Everyone remembers “that kid” in school. The one who never had a single hair out-of-place, always produced the right answer for any question, and got straight A’s merely by showing up for class. Or so it seemed.
Remember that kid?
Yeah. I wasn’t that kid.
But I sat next to them.
I think the teacher deliberately made the seating arrangement that way. My hair wasn’t ever not mussed, a shoelace trailed behind me when I walked, and I never. Ever. Had the right answer.
I was the kid who made “that kid” look even better by comparison.
“That kid” was bright and energetic, outgoing and considered to be cool and sophisticated by the IT crowd. “That kid” was my complete opposite.
I was the “quietly messy and completely distracted kid”
While I wasn’t exactly an introvert, that came later, it became painfully obvious in the 4th grade that I wasn’t going to stand out for my people person qualities. For all of my shyness and lack of vocal talent, never was I mistaken for the “perfect kid”. I got in trouble often, though it wasn’t for passing notes or talking.
The teacher didn’t care for my reading Stephen King during class instead of participating like the others.
I still wonder whether it was my choice in reading material or my choice to read during class, that made her the angriest. She was amazed over my audacity.
The height of rudeness, she told my parents.
The way I saw it, was why bother? I knew “that kid” had it covered. Let them have the limelight, I prefer to read, thank you. I was grounded umpteen times but it didn’t stop me..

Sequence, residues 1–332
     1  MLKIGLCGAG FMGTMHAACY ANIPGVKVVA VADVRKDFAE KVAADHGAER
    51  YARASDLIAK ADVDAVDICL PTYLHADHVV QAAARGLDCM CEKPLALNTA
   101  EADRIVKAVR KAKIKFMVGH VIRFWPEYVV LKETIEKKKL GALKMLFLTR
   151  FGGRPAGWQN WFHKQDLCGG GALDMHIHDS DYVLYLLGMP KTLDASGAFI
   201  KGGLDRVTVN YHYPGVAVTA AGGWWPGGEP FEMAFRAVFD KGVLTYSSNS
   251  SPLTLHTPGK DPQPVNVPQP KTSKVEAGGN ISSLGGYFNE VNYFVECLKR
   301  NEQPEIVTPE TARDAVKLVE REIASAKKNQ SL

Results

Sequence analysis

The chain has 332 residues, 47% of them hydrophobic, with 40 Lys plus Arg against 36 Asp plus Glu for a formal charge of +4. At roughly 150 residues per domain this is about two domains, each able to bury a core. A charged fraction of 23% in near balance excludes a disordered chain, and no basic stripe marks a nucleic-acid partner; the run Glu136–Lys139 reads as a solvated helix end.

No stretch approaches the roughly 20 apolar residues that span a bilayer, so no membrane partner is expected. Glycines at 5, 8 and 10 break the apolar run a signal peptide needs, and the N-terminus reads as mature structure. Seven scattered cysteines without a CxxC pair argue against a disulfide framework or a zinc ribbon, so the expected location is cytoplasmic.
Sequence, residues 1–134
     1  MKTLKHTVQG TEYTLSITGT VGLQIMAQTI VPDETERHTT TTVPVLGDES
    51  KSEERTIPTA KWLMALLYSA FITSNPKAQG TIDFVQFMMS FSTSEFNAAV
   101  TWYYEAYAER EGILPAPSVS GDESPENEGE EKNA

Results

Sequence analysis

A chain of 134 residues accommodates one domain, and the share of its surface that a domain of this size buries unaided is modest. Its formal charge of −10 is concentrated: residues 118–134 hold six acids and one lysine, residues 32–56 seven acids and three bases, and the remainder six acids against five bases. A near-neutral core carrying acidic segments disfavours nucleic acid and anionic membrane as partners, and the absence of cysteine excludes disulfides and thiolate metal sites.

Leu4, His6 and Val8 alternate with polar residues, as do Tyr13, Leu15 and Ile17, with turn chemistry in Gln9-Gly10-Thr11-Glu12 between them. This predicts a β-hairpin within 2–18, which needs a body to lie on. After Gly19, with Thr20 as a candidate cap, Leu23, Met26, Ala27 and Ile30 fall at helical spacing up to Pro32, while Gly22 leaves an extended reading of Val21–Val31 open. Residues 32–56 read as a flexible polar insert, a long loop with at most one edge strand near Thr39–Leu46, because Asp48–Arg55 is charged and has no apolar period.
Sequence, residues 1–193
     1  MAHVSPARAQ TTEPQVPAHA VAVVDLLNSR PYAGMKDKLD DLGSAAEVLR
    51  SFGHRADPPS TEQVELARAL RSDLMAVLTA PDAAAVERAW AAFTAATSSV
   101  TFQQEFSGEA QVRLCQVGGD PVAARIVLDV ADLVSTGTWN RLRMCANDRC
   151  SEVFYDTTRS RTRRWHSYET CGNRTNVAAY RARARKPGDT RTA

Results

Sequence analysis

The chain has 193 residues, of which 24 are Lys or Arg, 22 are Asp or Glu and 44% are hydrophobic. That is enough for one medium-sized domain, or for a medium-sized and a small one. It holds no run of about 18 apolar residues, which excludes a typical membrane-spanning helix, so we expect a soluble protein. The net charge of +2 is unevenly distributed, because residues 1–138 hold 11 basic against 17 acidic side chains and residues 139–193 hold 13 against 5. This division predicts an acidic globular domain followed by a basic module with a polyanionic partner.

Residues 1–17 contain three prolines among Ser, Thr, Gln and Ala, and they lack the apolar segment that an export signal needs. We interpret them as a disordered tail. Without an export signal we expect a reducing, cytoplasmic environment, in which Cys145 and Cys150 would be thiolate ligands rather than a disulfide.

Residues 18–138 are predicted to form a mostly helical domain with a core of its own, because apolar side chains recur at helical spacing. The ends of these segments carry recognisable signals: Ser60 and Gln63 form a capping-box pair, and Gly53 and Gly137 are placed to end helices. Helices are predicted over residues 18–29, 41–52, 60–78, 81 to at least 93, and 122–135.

I grew taller, got older, and continued to read. My tendencies and quirks were given an explanation of ADHD and armed with a better understanding of why I was the way I was, I could move on.
My preferences for the company of a book over real life kept me from learning the give and take of a conversation, the small talk made to pass the time, the normal everyday communication. And I’m paying for it.
Duck isn’t “that kid” or the “perfect kid” or any other label
He’s my son
I’m his Mom
And I can’t give him what he needs so badly. I can’t teach him social skills when I barely have any myself.
Do you know what isn’t fair?
Know what cuts deepest without even touching you?
It’s having a child who means the world to you. One who needs your help and guidance. One who needs what you cannot give them, because you don’t have it to give.
Put yourself in my place, just for a minute and see how that feels. Then you can tell me I’m wrong and that life is fair.
No, really. Tell me.
Because it sure doesn’t feel that way from where I’m sitting. ADHD is something I’ve had to learn to work-around, make compromises with and to accept. The benefits of it are what I normally blog about, because in my case-the pros outweigh the cons.
Screw you ADHD
You don’t play fair